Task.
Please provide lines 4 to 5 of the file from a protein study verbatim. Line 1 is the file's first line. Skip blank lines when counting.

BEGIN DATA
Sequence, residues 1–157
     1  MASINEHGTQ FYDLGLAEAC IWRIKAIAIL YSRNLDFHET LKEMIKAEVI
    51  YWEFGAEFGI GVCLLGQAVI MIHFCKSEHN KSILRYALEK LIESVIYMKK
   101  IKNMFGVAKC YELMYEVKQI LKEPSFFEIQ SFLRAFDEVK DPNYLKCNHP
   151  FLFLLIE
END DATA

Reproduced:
   101  IKNMFGVAKC YELMYEVKQI LKEPSFFEIQ SFLRAFDEVK DPNYLKCNHP
   151  FLFLLIE